Shots can be one of the things your child fears most, and with good reason. One negative experience can leave a lasting memory that can make it an upsetting procedure for the rest of their lives.
A recent report from the University of Michigan suggests parents can reduce the pain, anxiety and stress of getting immunizations simply by making pleasant small talk. Researchers indicated positive language before shots made a difference in children as young as 6 months old. Their ability to cope with the pain was greatly improved when someone was talking calmly to them about humorous topics not related to the task at hand.
Kids that were offered medical explanations of the procedure or were reassured with promises of rewards seemed less able to cope with the pain of the injection.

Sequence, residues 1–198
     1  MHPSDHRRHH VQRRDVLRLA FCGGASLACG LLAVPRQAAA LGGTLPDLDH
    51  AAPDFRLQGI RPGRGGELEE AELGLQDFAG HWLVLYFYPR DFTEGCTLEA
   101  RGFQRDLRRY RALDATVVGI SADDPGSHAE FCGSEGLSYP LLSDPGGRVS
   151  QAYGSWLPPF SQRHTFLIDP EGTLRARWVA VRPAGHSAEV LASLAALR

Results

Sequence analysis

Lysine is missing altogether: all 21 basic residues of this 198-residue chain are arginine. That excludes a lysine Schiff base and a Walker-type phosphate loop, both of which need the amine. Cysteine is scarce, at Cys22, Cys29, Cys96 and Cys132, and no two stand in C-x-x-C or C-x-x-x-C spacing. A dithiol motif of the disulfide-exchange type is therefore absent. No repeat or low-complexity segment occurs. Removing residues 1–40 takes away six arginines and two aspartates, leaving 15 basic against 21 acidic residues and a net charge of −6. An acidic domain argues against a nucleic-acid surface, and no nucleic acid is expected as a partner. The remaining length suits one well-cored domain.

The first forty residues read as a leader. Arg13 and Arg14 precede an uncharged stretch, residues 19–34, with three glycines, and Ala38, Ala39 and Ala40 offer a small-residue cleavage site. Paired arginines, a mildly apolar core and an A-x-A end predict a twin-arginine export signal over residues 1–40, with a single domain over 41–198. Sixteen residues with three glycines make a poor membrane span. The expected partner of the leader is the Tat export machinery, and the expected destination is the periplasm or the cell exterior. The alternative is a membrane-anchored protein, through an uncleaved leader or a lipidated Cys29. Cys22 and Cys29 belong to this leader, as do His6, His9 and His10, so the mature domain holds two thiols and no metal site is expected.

In addition, the existing mood of the child determines how well he or she will take the pain. Kids who were alert or fussy before getting shots seemed more receptive to pleasant small talk than a detailed play-by-play of what was happening to them. Those who were sleeping or outright crying before the shots were not comforted by pacifiers or calm, reassuring language.
The report can be read in the July issue of Archives of Pediatric and Adolescent Medicine.